SOCSOUTH, Guatemalan Female Engagement Platoon Exchange Information
By U.S. Sergeant First Class Alex Ramos / Special Operations Command South October 16, 2019
The role of women has steadily increased in the U.S. military, with women reaching positions of higher authority with thousands of troops under their command and control becoming more common.
The Guatemalan military is making advances by expanding the role of women in United Nations peacekeeping operations with a recently established Female Engagement Platoon.
U.S. Special Operations Command South (SOCSOUTH) participated in an information exchange seminar focusing on the integration of women and equality in Cobán, Guatemala, at the Regional Peacekeeping Operator Training Center (CREOMPAZ, in Spanish), on September 24, 2019. The information exchange with 19 female Guatemalan military attendees was led by SOCSOUTH’s Civil Affairs noncommissioned officer (NCO) U.S. Army Sergeant First Class Elizabeth Almonte.
“They are just in the stage in their military where they’re starting to incorporate women into different roles other than support, and realizing the benefits and the advantages of incorporating women at levels of leadership, at planning, at different military occupational specialties,” she said. “It’s important to understand that it’ll help them grow to get to a point where they’ll have full integration of women in their militaries.”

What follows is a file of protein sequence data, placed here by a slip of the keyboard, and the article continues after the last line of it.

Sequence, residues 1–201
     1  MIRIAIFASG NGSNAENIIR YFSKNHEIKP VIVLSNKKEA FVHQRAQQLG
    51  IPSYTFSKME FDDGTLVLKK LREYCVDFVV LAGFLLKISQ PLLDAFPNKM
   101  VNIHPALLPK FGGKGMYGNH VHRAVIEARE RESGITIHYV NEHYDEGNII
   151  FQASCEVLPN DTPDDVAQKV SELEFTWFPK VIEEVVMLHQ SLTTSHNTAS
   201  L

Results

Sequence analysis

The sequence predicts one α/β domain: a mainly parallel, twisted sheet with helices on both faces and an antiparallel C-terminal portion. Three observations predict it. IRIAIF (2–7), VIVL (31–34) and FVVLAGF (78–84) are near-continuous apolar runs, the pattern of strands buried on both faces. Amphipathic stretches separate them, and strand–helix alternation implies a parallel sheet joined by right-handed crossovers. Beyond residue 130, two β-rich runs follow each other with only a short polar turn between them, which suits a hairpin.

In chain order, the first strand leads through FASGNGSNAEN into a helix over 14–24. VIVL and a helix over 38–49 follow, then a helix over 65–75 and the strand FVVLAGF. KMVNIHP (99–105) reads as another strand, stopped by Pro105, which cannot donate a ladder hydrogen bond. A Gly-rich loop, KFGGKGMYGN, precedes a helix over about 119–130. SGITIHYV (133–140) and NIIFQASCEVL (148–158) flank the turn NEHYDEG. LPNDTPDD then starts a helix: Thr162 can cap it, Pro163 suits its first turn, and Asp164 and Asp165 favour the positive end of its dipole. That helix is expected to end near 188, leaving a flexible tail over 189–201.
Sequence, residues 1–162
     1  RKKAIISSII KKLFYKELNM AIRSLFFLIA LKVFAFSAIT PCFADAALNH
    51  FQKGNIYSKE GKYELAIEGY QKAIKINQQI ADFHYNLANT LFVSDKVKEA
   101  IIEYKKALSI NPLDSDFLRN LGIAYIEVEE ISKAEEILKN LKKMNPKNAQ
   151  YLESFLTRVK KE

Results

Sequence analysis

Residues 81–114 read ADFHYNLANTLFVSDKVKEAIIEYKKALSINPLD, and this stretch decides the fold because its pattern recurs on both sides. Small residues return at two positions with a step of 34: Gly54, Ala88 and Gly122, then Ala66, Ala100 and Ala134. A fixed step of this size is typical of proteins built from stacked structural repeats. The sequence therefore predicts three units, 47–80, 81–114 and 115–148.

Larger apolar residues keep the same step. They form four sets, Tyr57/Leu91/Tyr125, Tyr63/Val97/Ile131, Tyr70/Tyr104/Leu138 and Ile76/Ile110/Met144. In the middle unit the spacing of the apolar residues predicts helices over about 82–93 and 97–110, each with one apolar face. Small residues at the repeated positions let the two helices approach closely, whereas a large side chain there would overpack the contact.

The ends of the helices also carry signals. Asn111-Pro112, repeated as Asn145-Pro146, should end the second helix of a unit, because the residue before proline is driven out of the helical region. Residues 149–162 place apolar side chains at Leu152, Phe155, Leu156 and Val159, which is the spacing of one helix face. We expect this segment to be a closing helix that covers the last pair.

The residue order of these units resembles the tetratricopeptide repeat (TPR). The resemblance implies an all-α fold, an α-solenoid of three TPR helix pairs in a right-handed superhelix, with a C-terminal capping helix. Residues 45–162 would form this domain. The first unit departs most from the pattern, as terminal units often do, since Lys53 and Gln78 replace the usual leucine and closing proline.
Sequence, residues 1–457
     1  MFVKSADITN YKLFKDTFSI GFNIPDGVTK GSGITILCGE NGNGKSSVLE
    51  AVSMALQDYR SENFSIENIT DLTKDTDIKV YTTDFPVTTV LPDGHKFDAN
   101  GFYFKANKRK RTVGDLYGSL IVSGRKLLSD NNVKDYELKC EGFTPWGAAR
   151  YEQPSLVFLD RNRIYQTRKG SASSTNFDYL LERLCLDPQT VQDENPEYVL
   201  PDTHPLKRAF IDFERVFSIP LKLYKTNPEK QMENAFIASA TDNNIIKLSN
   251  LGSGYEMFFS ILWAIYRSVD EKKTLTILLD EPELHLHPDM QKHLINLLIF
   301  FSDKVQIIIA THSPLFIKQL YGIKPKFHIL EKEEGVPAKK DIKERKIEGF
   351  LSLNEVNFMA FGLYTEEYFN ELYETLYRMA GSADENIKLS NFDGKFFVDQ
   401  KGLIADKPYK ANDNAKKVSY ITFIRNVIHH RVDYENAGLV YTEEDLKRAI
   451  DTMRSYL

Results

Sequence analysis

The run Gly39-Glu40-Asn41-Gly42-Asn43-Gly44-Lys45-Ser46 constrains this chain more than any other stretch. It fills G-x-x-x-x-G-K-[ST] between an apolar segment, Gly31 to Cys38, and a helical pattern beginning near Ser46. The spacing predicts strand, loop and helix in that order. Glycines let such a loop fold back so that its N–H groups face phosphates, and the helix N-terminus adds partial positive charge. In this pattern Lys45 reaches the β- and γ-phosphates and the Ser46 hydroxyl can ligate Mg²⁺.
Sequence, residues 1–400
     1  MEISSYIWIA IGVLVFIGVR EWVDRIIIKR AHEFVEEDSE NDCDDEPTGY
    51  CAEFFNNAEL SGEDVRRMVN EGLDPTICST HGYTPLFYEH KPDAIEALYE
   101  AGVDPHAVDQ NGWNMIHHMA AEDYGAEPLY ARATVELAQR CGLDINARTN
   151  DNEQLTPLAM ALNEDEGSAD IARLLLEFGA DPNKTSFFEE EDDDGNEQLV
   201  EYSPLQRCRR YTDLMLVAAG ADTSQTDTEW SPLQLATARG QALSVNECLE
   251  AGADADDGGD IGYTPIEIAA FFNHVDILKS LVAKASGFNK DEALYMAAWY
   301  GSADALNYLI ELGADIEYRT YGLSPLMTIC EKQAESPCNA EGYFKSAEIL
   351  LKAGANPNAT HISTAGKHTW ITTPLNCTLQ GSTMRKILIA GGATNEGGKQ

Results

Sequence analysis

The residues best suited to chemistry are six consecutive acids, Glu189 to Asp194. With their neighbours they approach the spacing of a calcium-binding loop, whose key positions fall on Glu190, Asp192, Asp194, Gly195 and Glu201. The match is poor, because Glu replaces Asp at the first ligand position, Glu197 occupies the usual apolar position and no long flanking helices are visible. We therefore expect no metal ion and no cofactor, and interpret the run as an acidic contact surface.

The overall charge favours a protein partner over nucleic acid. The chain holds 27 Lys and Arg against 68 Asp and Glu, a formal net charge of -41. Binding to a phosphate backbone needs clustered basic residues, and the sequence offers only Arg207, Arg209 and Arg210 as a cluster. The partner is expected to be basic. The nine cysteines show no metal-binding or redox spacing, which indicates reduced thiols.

Throughout the day topics such as the evolution of the female role in the U.S. Army, lessons learned from Civil Affairs operations, and NCO professional development were discussed. To help build partner nations’ capacity in order to increase security and stability in the region is always at the forefront of SOCSOUTH’s priorities.
“I was able to obtain a [level] of understanding on where these soldiers, these female soldiers, are coming from”, said Sgt. 1st Class Almonte. I felt it was successful in identifying some of the challenges they are currently experiencing in their newly acquired role as Civil Affairs soldiers and Cultural Support experts.”
The project was produced in support of a SOCSOUTH Military Information Support Program aimed at increasing the image of the Guatemalan Comprehensive Action for female engagement and institutional professionalization, and enable the U.S. partner to increase their security proficiencies.
The all-female platoon formed in Guatemala will be deployed in the Izabal region to assist with humanitarian and peacekeeping operations.